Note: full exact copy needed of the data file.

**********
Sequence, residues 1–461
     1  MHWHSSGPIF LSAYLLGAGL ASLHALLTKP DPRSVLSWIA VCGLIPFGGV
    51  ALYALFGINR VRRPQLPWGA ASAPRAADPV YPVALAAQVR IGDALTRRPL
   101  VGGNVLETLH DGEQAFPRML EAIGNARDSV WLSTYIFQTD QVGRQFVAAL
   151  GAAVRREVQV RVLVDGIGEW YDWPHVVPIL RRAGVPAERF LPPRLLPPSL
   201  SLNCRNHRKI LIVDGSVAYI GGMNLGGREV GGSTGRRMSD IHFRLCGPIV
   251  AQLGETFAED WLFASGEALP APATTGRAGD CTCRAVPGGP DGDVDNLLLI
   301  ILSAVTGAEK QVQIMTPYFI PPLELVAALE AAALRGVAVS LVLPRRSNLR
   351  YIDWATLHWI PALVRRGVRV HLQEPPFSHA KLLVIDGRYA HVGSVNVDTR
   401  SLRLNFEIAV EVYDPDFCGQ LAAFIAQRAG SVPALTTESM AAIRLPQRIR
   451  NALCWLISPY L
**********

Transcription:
Sequence, residues 1–461
     1  MHWHSSGPIF LSAYLLGAGL ASLHALLTKP DPRSVLSWIA VCGLIPFGGV
    51  ALYALFGINR VRRPQLPWGA ASAPRAADPV YPVALAAQVR IGDALTRRPL
   101  VGGNVLETLH DGEQAFPRML EAIGNARDSV WLSTYIFQTD QVGRQFVAAL
   151  GAAVRREVQV RVLVDGIGEW YDWPHVVPIL RRAGVPAERF LPPRLLPPSL
   201  SLNCRNHRKI LIVDGSVAYI GGMNLGGREV GGSTGRRMSD IHFRLCGPIV
   251  AQLGETFAED WLFASGEALP APATTGRAGD CTCRAVPGGP DGDVDNLLLI
   301  ILSAVTGAEK QVQIMTPYFI PPLELVAALE AAALRGVAVS LVLPRRSNLR
   351  YIDWATLHWI PALVRRGVRV HLQEPPFSHA KLLVIDGRYA HVGSVNVDTR
   401  SLRLNFEIAV EVYDPDFCGQ LAAFIAQRAG SVPALTTESM AAIRLPQRIR
   451  NALCWLISPY L